If you become angry, frustrated, or resent your partner, become curious as to why. Why is being told no to sex once such a big deal to you? Sex and love are full of private meanings. For example, when you were young, did sexual rejection mean you were inadequate and unworthy of love. Sex was validation for your self-worth, not a mutual act of appreciation and love.
The Mirror of Reflection.
If this rejection bothers you, ask yourself how this reflects on you. On your relationship. Recall the happy moments in your relationship to help cope with the feeling of rejection. Realize that your partner doesn’t want to hurt you and is merely telling you how they feel. Their behaviour has little to do with you and more to do with them; just as your behaviour and feelings have more to do with you than your partner. Reflect, ponder, and get to know yourself better.
Questions to ask your partner about refusing sex:
- What should I do if you’re not in the mood?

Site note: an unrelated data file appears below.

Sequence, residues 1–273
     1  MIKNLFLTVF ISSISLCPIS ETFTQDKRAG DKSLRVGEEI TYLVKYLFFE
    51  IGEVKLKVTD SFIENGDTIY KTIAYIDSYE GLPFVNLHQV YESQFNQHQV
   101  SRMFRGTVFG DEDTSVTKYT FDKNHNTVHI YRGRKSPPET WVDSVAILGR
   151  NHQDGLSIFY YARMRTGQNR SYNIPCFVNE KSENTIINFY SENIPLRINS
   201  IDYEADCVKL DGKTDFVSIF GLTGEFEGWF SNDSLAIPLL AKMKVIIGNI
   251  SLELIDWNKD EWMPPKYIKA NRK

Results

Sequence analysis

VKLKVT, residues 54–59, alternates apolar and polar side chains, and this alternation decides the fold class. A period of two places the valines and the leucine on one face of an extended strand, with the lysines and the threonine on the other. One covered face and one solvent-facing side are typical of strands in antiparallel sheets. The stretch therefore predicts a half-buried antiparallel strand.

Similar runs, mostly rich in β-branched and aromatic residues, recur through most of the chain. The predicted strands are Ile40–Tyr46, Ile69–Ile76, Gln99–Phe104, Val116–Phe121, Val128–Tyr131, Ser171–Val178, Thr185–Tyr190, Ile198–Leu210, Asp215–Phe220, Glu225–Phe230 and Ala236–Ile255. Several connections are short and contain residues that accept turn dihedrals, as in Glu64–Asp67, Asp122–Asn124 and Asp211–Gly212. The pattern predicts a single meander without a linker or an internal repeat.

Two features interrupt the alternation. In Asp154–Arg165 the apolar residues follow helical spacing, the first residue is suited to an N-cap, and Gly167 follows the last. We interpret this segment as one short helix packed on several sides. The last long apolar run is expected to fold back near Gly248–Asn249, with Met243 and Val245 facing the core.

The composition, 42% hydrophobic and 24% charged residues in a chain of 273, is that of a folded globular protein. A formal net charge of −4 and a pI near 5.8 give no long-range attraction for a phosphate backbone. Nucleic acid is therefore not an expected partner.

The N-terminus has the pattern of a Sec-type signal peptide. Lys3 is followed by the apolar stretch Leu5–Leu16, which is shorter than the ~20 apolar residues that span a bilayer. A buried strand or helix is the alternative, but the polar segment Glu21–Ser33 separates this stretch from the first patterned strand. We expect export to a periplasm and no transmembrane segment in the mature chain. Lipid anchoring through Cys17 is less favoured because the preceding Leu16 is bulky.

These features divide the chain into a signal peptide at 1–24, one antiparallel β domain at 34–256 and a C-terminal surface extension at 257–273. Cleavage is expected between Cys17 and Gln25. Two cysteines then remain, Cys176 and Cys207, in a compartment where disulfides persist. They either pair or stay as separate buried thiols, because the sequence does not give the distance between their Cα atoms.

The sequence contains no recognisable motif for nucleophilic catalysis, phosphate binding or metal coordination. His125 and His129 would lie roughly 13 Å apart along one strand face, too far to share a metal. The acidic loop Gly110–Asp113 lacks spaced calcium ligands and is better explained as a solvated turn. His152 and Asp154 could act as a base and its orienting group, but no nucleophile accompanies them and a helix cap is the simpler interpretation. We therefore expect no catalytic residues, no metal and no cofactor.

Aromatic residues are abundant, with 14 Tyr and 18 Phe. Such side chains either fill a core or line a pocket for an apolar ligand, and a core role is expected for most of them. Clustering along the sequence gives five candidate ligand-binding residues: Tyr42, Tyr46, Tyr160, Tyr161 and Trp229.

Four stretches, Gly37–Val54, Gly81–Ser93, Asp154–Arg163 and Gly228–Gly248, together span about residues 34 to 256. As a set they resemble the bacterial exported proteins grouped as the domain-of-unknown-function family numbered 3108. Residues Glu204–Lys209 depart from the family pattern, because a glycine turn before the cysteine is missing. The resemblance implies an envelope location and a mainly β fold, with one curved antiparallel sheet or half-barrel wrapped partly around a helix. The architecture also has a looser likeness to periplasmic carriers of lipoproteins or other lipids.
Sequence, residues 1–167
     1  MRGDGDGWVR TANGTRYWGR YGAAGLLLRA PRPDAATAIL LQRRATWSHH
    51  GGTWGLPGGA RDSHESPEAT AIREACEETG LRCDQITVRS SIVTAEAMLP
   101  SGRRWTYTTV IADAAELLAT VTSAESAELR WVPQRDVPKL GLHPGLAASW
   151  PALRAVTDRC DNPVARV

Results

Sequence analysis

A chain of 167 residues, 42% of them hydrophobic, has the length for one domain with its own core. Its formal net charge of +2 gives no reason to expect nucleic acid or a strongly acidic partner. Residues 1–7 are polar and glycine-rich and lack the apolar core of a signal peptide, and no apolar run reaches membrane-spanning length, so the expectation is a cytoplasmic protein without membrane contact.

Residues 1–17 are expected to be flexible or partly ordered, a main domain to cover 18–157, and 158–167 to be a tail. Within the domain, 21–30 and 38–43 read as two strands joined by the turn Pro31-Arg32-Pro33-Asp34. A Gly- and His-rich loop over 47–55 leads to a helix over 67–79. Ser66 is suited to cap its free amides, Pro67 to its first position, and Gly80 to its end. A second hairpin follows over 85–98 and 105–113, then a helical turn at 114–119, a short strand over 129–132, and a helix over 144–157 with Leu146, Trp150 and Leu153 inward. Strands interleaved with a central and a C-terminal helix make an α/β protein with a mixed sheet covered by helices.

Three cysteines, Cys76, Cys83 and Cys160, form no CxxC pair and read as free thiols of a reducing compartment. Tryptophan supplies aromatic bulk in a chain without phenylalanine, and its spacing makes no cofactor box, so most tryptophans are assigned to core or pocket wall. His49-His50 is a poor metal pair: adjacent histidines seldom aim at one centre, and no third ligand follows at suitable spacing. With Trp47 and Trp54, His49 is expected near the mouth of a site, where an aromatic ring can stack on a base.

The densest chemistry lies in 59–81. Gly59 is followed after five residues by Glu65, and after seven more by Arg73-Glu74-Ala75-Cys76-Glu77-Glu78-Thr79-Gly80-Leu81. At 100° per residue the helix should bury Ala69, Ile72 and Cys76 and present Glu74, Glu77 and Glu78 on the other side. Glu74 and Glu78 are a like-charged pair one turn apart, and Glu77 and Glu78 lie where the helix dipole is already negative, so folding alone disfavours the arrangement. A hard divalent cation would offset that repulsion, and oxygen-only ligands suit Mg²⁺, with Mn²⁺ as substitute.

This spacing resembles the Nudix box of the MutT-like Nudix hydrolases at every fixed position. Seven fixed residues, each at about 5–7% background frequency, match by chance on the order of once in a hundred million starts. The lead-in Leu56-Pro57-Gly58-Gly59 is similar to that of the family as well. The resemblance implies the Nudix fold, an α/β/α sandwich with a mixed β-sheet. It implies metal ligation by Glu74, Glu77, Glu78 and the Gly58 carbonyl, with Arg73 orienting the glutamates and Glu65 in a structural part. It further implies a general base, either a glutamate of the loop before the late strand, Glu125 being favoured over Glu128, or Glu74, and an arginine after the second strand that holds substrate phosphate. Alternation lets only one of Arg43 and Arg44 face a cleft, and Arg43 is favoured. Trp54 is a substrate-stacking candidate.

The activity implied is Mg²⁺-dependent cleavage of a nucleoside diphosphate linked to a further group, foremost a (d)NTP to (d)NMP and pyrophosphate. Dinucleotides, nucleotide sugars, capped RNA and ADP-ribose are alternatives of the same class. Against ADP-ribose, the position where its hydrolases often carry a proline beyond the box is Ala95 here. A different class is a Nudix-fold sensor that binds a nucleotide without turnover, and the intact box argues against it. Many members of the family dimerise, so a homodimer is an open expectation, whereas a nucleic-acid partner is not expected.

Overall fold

- If I am really horny for you but you are not feeling it, do you feel comfortable saying no? What do you need from me in order to feel comfortable saying no?
- If you are on the fence about having sex and I am really turned on, what do you need from me? Are you okay with me trying to get you in the mood? If so, how should I approach that?
5. Have Continuous Conversations About Sexual Intimacy
Improving your sex life doesn’t happen overnight. Make an intentional effort to continue talking about sex in your relationship. Ask questions and be curious about your partner’s deepest desires.
Doing so will allow your partner to openly express what they need to feel loved and will keep you attuned to each other’s needs, leading to an emotionally connected and fulfilling sex life.